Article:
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Browsing named entities in The Photographic History of The Civil War: in ten volumes, Thousands of Scenes Photographed 1861-65, with Text by many Special Authorities, Volume 4: The Cavalry (ed. Francis Trevelyan Miller). You can also browse the collection for Shenandoah or search for Shenandoah in all documents.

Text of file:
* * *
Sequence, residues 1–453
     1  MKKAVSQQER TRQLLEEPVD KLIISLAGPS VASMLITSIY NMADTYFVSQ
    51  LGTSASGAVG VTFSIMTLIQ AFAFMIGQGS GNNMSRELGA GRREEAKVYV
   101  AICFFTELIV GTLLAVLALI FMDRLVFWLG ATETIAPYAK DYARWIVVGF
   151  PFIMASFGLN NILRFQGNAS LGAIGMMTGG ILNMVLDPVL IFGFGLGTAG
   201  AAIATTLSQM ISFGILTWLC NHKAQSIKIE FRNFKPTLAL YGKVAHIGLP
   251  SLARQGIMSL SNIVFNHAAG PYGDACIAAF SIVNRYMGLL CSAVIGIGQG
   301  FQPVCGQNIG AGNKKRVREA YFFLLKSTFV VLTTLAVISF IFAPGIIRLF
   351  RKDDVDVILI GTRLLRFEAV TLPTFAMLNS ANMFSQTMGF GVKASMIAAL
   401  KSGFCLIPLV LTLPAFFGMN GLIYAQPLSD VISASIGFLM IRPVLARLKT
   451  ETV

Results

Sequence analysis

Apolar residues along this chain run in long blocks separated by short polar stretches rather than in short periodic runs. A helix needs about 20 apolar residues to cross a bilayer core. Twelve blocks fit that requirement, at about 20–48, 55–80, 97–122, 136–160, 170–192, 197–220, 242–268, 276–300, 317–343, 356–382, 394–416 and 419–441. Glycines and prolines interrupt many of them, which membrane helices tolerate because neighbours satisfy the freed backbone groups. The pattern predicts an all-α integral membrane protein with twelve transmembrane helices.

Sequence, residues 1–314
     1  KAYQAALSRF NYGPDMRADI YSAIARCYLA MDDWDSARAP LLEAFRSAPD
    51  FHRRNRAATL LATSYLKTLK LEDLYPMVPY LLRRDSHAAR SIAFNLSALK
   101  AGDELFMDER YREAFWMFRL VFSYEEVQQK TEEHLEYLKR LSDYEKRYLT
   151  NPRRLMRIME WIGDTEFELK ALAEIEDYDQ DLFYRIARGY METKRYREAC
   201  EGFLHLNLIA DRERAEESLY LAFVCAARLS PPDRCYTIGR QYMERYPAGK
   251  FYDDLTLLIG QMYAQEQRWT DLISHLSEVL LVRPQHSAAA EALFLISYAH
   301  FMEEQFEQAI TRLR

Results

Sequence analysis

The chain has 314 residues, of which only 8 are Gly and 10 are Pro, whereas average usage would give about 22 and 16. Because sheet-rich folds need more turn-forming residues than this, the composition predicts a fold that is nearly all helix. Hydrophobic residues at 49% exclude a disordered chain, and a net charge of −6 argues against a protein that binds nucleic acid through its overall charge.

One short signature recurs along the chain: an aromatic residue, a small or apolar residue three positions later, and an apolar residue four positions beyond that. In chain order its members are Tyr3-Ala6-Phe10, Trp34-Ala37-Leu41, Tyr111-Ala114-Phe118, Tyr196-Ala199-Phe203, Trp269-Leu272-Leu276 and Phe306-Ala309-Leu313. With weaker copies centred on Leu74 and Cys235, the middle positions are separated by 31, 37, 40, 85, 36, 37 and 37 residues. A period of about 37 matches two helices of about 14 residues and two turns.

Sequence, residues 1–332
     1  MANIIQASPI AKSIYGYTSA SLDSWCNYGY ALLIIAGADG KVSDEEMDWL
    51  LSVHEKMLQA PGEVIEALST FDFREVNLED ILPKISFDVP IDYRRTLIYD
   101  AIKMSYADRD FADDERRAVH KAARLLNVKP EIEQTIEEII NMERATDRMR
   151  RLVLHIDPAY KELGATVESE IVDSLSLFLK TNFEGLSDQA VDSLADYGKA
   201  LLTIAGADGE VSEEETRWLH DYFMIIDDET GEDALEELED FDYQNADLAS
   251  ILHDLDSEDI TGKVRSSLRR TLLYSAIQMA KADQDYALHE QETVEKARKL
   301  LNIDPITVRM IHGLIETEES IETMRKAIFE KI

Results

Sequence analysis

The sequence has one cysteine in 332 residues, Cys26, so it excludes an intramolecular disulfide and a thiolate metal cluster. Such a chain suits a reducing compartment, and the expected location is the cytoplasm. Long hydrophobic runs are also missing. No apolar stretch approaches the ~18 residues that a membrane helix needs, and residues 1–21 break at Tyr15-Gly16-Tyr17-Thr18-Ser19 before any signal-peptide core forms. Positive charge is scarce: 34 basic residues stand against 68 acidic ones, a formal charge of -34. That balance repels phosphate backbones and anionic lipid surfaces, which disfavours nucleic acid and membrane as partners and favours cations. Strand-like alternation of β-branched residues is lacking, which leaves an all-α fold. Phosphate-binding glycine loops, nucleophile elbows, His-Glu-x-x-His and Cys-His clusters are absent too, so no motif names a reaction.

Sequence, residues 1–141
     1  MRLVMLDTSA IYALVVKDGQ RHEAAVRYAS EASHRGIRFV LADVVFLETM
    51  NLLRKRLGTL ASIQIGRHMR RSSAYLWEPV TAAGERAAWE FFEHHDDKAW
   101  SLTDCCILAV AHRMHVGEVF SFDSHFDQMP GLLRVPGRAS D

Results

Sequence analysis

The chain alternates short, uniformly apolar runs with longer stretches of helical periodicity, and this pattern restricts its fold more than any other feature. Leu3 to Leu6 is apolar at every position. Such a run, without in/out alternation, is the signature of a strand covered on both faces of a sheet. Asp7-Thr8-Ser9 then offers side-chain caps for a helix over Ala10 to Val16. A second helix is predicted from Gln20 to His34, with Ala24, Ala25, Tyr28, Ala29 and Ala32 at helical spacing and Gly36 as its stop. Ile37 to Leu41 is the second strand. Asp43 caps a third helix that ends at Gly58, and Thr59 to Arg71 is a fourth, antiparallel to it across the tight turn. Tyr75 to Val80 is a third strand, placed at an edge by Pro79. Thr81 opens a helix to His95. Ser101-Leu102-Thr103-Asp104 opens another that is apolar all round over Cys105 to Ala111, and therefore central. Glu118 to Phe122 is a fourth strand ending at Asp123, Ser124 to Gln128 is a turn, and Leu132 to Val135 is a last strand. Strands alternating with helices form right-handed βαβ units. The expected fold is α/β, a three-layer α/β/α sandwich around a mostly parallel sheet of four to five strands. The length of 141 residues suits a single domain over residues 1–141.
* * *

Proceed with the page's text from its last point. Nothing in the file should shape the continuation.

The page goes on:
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ed back the flanks. This finally weakened the Confederates, and as both their General Torbert in the Shenandoah This photograph, made in the Shenandoah Valley in the fall of 1864, shows General Alfred T. A. Torbert, immaculately clad in a natty uniform, on the steps of a beautiful vine-clad cottage. Virginia homes such as this fared but badly in that terrible October. The black shame of war spread over the valley and rose in the smoke from burning barns. Grant had resolved that Shenandoah should no longer be allowed to act as a granary for the armies of the Confederacy. Sheridan and his men had orders ruthlessly to destroy all supplies that could not be carried away. The Confederate cavalry clung desperately to his rear, and gave so much annoyance that on October 8th Sheridan directed Torbert to give Rosser a drubbing next morning or get whipped himself. The saber contest that ensued at Tom's Brook was the last attempt of the Confederate cavalry to reestablish their form